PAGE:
More than 1,500 killed in northeastern Nigeria since the start of 2014: Amnesty International

Women rally in Lagos (photo credit: Sam Olukoya)

Boko Haram, a sect with links to Al-Qaeda, has stepped up a violent campaign for the enforcement of Sharia law in Nigeria. In a briefing released Monday, the human rights organization Amnesty International estimates at least 1,500 people have been killed in North East Nigeria in the first three months of this year. Civilians make up more than half of the dead in the fighting between Boko Haram and Nigerian security forces. Many of the victims are under of the age of 18. Sam Olukoya reports from Lagos.


Amnesty International blames the Boko Haram sect and security forces for more than 1,500 deaths since the start of the year in northeastern Nigeria. Boko Haram is as known to carry out vicious attacks like the one in February on a federal government run school in the northeastern state of Yobe which targeted students as they slept in their dormitories. Dozens of children were either killed or abducted.

It wasn’t the first time Boko Haram, which is opposed to Western secular education, has attacked a school.

The massacre shocked many Nigerians. “I am a woman and I am a mother and we actually saw those gruesome murders on TV, there is no woman that her heart will not lurch,” said Olufunke Ogeah. “You carry your pregnancy for nine months you gave birth to the child, you nurtured the child and the child’s life was snuffed out… My goodness that is terrible.” The Lagos resident is one of many Nigerian women calling on the government to take urgent action to protect children in North East Nigeria.

Thousands of women in several Nigerian cities have held rallies to protest the killing of children and the abduction of young girls by the Islamist sect. “Our work is to prove a point and that point is that we need government to be much more responsible and responsive,” said Joe Okei-Odumakin at a recent anti-Boko Haram rally he helped to organize in Lagos.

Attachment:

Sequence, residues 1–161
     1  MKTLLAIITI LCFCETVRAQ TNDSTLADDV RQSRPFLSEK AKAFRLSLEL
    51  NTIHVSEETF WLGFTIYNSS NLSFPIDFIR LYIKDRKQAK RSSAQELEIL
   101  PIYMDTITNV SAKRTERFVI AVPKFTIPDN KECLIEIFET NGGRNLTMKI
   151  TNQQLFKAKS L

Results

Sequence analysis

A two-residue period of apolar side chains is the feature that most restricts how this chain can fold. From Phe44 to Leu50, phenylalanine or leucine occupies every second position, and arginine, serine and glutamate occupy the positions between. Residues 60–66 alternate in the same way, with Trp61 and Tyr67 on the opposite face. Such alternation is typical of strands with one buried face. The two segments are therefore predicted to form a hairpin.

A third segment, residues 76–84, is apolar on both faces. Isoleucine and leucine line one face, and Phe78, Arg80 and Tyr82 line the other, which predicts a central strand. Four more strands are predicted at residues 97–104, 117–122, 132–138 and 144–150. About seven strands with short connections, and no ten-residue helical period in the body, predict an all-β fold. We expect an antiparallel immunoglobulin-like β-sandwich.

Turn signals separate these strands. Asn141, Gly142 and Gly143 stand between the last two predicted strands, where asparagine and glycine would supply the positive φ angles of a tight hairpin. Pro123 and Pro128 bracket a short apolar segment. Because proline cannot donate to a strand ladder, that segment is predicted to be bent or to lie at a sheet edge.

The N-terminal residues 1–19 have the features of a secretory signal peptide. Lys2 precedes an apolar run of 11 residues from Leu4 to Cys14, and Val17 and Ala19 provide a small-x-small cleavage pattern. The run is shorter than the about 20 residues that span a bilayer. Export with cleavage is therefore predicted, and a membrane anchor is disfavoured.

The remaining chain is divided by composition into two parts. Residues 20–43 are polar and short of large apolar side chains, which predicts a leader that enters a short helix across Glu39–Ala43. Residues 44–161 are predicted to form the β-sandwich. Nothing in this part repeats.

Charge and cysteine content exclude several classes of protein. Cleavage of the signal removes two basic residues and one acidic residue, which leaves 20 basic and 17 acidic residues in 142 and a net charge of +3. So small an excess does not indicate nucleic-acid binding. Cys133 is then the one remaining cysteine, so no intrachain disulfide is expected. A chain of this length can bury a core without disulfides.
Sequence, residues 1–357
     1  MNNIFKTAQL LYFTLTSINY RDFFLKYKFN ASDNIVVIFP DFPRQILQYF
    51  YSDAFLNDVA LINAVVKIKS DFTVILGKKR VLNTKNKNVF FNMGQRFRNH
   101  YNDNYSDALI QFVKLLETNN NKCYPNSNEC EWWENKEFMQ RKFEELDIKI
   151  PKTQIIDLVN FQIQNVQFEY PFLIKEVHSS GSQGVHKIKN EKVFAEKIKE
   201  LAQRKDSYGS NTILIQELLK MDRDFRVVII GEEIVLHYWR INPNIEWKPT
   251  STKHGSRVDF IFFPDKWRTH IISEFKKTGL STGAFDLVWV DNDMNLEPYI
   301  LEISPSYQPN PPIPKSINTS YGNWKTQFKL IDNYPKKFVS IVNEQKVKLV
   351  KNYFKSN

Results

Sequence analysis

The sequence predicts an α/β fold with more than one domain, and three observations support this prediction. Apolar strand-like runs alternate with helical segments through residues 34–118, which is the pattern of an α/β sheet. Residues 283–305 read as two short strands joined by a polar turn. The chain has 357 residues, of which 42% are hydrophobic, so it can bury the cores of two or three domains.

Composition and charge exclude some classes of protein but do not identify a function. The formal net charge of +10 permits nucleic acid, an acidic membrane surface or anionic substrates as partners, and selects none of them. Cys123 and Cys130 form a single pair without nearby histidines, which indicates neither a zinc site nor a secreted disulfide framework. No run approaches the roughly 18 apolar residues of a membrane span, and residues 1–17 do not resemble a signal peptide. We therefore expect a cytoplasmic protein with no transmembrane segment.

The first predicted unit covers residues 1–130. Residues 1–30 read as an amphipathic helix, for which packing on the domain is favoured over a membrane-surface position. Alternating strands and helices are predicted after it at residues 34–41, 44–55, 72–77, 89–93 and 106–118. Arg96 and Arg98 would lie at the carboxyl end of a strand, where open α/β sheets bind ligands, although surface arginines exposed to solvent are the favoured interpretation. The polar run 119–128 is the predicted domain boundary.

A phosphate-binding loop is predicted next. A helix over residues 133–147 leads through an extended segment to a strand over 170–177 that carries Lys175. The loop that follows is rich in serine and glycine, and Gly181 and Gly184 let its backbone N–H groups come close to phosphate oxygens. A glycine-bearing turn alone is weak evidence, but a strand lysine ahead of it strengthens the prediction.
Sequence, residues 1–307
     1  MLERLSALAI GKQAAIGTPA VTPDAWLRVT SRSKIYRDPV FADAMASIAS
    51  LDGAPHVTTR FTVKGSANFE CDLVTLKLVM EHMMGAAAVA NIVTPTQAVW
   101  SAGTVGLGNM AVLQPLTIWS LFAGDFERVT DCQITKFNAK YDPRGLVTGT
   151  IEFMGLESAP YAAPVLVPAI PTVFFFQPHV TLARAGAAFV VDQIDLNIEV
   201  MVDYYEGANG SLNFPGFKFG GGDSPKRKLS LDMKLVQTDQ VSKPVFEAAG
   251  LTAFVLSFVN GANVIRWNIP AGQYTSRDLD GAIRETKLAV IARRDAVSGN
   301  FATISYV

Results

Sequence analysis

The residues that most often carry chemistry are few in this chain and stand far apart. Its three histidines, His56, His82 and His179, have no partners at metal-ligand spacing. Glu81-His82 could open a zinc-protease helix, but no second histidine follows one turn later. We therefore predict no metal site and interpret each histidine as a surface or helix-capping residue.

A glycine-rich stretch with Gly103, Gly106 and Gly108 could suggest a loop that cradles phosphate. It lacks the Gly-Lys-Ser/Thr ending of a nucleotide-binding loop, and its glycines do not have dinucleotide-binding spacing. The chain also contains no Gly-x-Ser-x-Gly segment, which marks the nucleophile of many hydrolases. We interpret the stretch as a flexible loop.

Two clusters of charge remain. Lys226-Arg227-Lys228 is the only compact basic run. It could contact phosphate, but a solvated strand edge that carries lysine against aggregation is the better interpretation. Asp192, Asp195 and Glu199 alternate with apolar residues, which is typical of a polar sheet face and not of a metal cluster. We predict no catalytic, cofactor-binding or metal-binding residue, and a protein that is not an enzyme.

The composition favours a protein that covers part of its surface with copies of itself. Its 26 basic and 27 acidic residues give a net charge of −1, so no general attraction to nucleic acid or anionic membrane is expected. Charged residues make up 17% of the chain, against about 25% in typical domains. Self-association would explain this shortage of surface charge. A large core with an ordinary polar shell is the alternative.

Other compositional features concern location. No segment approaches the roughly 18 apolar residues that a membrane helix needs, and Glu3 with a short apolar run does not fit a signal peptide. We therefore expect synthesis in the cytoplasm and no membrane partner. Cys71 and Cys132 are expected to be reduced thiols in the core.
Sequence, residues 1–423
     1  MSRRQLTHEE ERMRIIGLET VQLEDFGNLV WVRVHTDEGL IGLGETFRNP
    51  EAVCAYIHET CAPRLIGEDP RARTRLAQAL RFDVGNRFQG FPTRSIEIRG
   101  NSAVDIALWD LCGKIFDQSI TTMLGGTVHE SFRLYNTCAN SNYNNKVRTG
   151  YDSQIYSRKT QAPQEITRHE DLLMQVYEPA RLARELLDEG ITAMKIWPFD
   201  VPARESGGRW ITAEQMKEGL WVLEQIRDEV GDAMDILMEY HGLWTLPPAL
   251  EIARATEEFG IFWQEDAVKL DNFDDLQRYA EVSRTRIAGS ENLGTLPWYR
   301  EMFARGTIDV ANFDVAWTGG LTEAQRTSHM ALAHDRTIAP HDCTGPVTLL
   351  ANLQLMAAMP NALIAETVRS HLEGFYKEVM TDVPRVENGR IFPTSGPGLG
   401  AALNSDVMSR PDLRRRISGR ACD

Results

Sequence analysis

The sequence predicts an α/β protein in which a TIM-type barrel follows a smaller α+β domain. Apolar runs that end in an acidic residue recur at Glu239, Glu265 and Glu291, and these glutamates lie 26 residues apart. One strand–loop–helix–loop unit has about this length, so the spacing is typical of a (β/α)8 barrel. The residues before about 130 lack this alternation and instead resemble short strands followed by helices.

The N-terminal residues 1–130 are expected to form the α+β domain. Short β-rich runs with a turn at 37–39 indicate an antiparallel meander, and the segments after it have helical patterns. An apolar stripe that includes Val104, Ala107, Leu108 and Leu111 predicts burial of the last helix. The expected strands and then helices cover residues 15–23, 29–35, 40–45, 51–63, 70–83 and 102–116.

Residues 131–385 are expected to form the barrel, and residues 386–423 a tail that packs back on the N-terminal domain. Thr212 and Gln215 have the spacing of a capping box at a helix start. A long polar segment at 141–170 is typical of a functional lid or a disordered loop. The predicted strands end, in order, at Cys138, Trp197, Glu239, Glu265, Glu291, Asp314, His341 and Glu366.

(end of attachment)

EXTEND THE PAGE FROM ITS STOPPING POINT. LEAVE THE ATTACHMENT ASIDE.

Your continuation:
Attacks attributed to Boko Haram have killed hundreds each year since 2010, but the violence has spiked considerably in the last three months.

Three states in northeastern Nigeria are under a state of emergency. This is part of efforts by the Nigerian government to enable the military to effectively deal with the Bolo Haram insurgency, but this measure has not yielded much success. Some reports say morale among the soldiers quelling the insurgency is low because they are not properly motivated and are poorly armed. The rally organizers want the military to be better armed in view of Nigeria’s huge defense budget.

Boko Haram, which has links to Al-Qaeda, is waging a violent insurgency to install an Islamist government in Nigeria. About half of Nigeria’s population is Muslim. The bulk of the remaining half are Christians.

Dr. Sylvester Odion Akhaine says the recent mass killings by the group appear to be an attempt to draw attention to itself. “Because of the large scale of carnage that is involved, it becomes an issue,” according to the Lagos State University academic. “It draws instant attention, because terrorists also carry out acts of subversion, acts of terrorism in order to draw global attention to their cause. And within that context, I think they have done so quite well, that everybody, the pope, the United Nations, the US, the British everybody is condemning what they have done.”

Even though troops have been deployed to combat Boko Haram in northeastern Nigeria where it is most active, the military appears ineffective in stopping the sect.

The military has also been accused of major human rights violations. The Amnesty International report released Monday states soldiers have carried out hundreds of extra-judicial killings in the northeastern states since the conflict intensified. The worst of these incidents occurred on March 14th, when more than 600 people were killed when soldiers regained control of a barracks and prison that had been taken over in a Boko Haram offensive.

The spike in attacks and violent reprisals has left civilians in northeastern Nigeria with the choice between fleeing to safer areas or remaining in the crossfire.

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